B. Strategy. Our basic policy towards Oman has been to support the country’s economic development efforts and its fight against foreign-backed insurgency in Dhofar without ourselves becoming directly involved in that conflict. We have successfully followed this policy through support of continued British involvement in Oman and encouragement of regional military assistance (primarily from Iran, but also to a limited degree from Jordan, the United Arab Emirates and Saudi Arabia). The Iranians, at Omani request, have an expeditionary force in Dhofar, currently consisting basically of one infantry brigade with air support. The Jordanians have provided an expert military engineer company.

Sultan Qaboos appreciates our active encouragement of the regional support he has been receiving. He is reassured by the fact that British military involvement in Dhofar has not been affected by the recent Wilson Government Defense Policy Review. He is likely to [Page 669] be looking for an affirmation from you of our continued support of his government’s counterinsurgency efforts in Dhofar through encouraging regional cooperation and direct sale of military equipment needed and not readily available from other countries. I believe our strategy should be to reassure him on this point and on our general desire to be as responsive as possible (on a reimbursable basis) to any Omani request related to the country’s economic development.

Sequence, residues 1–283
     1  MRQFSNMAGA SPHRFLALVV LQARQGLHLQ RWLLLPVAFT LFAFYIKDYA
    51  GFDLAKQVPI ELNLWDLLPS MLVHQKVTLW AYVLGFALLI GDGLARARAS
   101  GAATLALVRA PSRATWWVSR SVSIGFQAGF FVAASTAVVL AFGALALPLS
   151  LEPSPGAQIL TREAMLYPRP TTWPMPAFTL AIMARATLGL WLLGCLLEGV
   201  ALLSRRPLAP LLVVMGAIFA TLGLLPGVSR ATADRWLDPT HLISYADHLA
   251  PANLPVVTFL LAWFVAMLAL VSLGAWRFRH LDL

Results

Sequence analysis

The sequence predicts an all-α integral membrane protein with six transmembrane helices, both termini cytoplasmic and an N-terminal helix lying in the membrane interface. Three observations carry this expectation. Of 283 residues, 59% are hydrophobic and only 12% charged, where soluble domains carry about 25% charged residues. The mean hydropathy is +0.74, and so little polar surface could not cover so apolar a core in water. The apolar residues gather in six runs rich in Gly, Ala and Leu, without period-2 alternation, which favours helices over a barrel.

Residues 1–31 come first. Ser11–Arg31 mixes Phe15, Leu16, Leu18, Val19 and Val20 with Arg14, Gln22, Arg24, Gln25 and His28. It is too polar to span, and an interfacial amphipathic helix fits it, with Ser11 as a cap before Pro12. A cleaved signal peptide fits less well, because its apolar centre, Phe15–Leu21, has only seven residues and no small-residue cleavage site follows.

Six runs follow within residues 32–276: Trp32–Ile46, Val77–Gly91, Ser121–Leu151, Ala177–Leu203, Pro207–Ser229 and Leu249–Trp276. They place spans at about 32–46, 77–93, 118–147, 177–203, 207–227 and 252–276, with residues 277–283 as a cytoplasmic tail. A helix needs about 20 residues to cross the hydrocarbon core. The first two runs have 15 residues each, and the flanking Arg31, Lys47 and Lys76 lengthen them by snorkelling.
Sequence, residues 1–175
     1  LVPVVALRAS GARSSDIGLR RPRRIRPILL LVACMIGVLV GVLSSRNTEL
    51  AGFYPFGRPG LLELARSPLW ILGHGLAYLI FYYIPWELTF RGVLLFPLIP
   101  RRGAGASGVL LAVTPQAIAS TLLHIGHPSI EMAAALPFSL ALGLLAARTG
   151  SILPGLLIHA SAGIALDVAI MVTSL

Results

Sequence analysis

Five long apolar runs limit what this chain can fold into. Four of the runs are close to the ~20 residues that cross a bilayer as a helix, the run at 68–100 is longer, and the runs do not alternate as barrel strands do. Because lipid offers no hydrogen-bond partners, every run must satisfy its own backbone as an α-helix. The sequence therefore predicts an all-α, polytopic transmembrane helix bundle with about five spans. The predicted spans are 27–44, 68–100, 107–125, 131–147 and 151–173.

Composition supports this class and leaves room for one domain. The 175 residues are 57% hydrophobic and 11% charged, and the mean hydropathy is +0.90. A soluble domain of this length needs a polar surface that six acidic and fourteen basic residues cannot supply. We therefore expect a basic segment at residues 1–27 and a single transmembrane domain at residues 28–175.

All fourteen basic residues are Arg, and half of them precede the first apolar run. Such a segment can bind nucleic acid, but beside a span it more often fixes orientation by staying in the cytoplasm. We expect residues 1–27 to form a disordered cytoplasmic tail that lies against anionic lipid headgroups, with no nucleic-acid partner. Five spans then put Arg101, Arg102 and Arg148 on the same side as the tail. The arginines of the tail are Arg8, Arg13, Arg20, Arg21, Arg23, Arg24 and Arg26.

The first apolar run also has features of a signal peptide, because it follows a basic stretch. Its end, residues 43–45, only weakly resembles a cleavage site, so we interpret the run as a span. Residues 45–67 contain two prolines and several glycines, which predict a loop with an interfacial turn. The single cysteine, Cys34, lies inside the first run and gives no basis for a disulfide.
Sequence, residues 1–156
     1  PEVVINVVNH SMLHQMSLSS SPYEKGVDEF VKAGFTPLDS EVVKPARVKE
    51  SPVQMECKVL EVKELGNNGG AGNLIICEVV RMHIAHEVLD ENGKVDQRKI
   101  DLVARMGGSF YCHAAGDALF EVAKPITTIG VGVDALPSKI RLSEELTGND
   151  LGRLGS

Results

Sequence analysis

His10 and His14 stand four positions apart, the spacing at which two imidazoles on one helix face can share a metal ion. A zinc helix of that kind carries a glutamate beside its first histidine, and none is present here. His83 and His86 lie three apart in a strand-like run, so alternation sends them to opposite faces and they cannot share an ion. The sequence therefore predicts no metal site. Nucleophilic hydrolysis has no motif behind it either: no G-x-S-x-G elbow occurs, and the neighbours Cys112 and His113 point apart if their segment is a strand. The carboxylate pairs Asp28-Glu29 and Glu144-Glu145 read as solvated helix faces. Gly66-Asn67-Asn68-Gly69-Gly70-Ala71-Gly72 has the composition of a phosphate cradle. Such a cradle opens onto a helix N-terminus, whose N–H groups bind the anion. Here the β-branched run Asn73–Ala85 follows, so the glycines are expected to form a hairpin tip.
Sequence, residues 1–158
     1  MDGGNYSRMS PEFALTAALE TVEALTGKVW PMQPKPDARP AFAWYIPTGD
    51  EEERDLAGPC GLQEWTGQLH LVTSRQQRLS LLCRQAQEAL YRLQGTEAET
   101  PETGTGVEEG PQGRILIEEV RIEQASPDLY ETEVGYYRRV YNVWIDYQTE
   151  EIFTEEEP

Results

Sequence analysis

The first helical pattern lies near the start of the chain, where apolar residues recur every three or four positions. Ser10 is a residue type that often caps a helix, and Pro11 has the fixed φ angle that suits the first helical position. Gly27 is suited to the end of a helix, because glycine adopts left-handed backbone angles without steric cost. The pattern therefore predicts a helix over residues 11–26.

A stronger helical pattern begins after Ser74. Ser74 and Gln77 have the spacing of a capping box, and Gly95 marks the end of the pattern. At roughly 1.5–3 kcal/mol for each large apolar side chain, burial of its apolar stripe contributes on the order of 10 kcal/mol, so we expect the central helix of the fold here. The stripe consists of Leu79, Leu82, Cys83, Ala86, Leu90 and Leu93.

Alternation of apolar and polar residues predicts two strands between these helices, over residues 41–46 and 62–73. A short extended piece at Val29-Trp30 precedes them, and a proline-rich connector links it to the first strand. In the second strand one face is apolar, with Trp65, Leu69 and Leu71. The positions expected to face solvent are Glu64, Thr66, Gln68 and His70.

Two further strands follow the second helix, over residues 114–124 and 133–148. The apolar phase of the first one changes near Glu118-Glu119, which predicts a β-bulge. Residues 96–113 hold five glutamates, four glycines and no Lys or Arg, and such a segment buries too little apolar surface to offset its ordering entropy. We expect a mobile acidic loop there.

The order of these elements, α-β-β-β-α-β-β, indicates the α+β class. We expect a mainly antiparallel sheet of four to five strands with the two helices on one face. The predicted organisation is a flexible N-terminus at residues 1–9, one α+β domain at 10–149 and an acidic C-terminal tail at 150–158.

III. Talking Points


—We appreciate your dynamic leadership in meeting the threat of subversion emanating from South Yemen; Oman is the front line for peninsula security.

—You are to be complimented on the rapid progress Oman has made since you came to power in 1970 and began to earn substantial oil revenues. Your economic development in the last four years has been very impressive. I applaud your concern that this development serve the well-being of all your countrymen.

—Let me assure you of my personal commitment to a just and lasting Middle East peace. The United States will continue actively to work towards this goal. We appreciate Oman’s understanding of our approach, which we believe in the present circumstances must continue to be a step by step one.

US-Omani Relations

—First, I wish to emphasize my Government’s basic policy and desire to promote increasingly close relations between our two countries and to foster mutual cooperation, especially in the economic and developmental field. As you know, we have 30 Peace Corps volunteers in Oman.

—Your Government has approached us on several occasions seeking technical assistance, on a reimbursable basis. We will continue to be as helpful as we can and seek to locate personnel with the technical skills you desire.